Bachelor of Science in Criminal Justice

Homeland Security Concentration

Since 9/11, the military, federal government agencies, and private military contractors have developed new counter-terrorism procedures leading to an increased demand for high wage counter-terrorism jobs. Courses in this concentration focus on an in-depth understanding of motivations and trends, threat assessment, information security, leadership, public policy planning, preparedness and response.

The study of the causes, methods, detection, and prevention of domestic terrorism provides critical background for careers in law enforcement and public policy, among others. The rise of domestic terrorism has created an urgent need for professionals who can lead communities and the nation in the prevention of mass shooting, bombings, or other incidents involving injury or death. The Becker College Homeland Security Concentration studies program will produce graduates prepared for careers in law enforcement, firefighting, government, law, emergency response and management, and research.

Courses include: the history and causes of domestic terrorism, public preparedness, emergency management, law enforcement techniques, and public policy. In addition, policies and methods for dealing with acts of terrorism will be explored. Students receive interdisciplinary training in advanced research into causes and management techniques, learning a wide range of skills necessary to anticipate, understand, and deal with incidents of terrorism. Courses in U.S. history and constitutional law and policy are also provided to prepare students for dealing with domestic threats.

Learning Outcomes

Students will describe the administration of justice with specialized knowledge of related content areas including, but not limited to, police, courts, and corrections.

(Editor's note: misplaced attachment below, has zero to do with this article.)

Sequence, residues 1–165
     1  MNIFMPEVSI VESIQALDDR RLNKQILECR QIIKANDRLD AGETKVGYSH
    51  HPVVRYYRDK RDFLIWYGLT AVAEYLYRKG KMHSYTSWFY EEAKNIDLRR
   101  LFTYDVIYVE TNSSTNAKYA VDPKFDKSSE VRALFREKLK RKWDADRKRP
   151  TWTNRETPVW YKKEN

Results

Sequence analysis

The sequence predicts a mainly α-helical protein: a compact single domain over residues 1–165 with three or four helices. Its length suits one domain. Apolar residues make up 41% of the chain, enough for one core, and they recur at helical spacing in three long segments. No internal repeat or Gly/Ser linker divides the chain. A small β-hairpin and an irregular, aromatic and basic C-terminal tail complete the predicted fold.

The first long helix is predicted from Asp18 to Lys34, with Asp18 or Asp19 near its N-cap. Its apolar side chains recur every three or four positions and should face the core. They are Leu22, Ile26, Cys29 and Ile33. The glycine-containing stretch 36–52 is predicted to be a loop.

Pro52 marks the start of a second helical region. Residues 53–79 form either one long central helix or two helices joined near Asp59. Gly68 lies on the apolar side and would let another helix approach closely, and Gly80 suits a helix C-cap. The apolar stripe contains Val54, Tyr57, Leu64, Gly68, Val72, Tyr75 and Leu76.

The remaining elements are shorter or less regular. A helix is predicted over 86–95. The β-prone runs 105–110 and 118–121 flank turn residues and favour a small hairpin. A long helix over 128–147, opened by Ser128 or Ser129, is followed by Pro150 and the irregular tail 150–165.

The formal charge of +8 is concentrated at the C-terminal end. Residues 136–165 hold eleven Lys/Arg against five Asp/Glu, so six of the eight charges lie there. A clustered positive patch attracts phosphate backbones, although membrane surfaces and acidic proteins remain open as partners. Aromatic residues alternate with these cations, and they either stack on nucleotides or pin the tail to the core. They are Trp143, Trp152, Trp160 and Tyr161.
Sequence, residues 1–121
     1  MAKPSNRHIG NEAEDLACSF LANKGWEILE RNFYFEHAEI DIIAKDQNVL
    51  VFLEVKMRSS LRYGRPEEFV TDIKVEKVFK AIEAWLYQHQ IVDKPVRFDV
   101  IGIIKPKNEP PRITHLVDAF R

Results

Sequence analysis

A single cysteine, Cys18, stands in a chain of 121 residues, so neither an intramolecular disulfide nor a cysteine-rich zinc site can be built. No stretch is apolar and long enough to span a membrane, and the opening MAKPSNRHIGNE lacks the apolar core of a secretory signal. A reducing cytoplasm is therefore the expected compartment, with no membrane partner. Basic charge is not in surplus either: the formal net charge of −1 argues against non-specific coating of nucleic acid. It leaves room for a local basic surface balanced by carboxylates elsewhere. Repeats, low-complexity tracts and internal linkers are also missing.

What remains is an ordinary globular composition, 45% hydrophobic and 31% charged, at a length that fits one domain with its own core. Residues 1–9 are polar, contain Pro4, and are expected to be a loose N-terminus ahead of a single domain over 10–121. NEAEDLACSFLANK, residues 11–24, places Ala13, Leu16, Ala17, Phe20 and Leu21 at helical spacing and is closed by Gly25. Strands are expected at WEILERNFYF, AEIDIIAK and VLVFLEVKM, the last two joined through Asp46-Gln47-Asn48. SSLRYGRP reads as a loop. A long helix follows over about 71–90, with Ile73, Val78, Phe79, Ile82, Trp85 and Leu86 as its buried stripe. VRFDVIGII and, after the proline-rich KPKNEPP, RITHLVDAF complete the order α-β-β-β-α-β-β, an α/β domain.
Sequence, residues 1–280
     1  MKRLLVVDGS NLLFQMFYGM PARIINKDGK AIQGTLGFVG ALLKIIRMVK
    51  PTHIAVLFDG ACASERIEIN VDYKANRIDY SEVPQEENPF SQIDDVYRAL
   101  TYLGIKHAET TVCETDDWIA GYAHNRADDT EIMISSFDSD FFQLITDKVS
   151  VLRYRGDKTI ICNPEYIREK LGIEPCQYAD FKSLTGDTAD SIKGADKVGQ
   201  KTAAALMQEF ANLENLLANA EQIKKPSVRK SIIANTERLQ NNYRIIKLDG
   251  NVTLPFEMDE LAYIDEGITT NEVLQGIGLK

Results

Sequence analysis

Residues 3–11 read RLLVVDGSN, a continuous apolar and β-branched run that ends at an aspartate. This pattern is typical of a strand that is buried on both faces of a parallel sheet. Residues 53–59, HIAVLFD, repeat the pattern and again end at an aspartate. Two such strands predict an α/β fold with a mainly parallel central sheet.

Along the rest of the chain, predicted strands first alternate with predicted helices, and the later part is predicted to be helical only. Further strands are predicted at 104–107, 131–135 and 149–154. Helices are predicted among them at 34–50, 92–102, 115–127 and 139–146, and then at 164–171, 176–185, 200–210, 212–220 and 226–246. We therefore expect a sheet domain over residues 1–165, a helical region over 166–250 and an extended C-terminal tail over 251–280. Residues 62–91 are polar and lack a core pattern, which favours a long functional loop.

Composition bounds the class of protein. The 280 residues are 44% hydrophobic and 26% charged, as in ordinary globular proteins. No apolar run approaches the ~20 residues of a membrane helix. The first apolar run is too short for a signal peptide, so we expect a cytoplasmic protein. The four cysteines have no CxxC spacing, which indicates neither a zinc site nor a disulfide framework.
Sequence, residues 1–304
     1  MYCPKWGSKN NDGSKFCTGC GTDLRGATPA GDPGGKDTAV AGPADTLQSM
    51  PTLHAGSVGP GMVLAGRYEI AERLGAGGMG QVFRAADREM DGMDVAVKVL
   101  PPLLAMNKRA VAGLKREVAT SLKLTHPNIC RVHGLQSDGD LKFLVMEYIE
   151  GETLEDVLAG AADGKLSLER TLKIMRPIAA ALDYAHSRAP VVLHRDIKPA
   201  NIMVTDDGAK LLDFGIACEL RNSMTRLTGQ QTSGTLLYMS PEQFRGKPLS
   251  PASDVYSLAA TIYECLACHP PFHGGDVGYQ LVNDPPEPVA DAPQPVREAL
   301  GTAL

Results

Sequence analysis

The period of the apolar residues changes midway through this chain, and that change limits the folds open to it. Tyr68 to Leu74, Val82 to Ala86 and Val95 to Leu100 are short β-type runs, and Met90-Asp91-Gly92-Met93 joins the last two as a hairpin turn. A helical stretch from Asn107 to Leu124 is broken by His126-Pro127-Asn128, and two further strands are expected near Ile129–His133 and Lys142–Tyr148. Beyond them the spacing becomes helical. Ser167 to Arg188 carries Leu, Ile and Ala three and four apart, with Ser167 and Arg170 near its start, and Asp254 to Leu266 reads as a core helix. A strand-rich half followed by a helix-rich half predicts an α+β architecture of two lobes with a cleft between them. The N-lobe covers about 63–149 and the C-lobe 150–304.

Students will identify the theories of crime causation, responses to crime, and the implications and application for public policy.

Students will identify and describe legal and ethical constraints, their implications for criminal justice decision and policy makers, and the effects of diversity awareness in the administration of criminal justice.

Students will interpret, analyze and draw conclusions from qualitative and quantitative data in a social science context and communicate effectively using scholarly sources on topics relating to social problems and criminal justice.

Students will apply learned theory to practical application by participation in related course work and an internship.

Students will identify and describe the development of concepts and framework related to national security and counter-terrorism in today's global environment.

Students will describe the historical background of terrorism by tracing the development of terrorist tactics from antiquity to the present day.

For more information about the forensic science/crime scene processing concentration, call 877.523.2537 or email